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The committee did not focus on utilization management activities undertaken directly by employers. Rather, it looked at the broad and varied array of organizations that either contract directly with employers to provide utilization management services or, like some HMOs and insurers, provide utilization management as part of a larger package of services. The products, target markets, philosophies, and technologies of these organizations vary widely, but the industry is evolving so rapidly that summary is difficult. What follows is a snapshot of the field of utilization management.

Industry Overview

In 1980, there was no utilization management industry to speak of, although some of the building blocks existed in HMOs, professional standards review organizations (PSROs), insurance plans, and hospital utilization review programs. Now hundreds of organizations offer utilization management services to thousands of clients who employ perhaps half to two-thirds of all American workers (Foster Higgins, 1987; Gabel et al., 1988). A precise count of utilization management organizations is virtually impossible because the industry is changing constantly, and no single trade association or industry information source exists. A 1987 publication listed 158 private independent utilization review companies (McGraw-Hill, 1987). However, this list did not include the utilization management departments of those commercial insurers and Blue Cross and Blue Shield plans that do not have separate utilization management subsidiaries. Also not included were the internal utilization management departments of HMOs, independent practice associations (IPAs), and PPOs. A 1989 survey by Business Insurance reported 125 review organizations (Business Insurance, 1989). Again, utilization management departments of many insurers were not listed. The companies listed in this second survey covered from 10,000 to over 11 million individuals, and review services accounted for 2 to 100 percent of company revenues. The ten largest firms are listed in Table 3-1.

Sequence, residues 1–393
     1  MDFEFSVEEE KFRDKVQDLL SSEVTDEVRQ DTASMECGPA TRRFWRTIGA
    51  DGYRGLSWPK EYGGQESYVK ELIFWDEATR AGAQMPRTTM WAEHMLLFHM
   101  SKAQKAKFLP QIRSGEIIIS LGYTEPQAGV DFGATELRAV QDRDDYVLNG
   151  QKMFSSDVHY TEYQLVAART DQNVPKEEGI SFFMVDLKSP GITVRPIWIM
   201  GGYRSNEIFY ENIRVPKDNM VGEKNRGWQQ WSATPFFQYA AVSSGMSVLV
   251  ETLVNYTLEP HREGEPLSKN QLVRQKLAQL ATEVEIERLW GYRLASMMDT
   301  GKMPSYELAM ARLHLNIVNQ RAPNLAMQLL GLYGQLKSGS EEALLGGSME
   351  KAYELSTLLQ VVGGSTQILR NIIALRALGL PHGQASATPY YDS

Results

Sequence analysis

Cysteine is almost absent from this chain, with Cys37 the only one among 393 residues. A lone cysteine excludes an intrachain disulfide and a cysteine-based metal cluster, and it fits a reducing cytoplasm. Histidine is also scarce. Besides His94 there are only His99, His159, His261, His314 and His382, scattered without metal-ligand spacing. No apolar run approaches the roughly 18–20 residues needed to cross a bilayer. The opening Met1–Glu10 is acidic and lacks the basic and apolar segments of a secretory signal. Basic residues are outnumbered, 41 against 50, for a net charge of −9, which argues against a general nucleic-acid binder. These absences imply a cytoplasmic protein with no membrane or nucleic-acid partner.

Figure 3-1 charts the industry's growth, a growth vividly illustrated by the experience of the Mayo Clinic (Mayo Clinic, 1988). In 1984, the Mayo Clinic was dealing with only one utilization management program—precertification for Medicare beneficiaries. Four years later it was working with approximately 1,000 utilization review plans. This does not equate to 1,000 review organizations, however, because many review companies alter some details of their programs to fit particular client preferences. (The Mayo Clinic, for example, reported dealing with over 200 Blue Cross and Blue Shield review programs, but there are fewer than 75 Blue Cross and Blue Shield organizations in existence.) The American Hospital Association (1989) reports that hospitals may deal with from 50 to 250 organizations doing prior and retrospective review.



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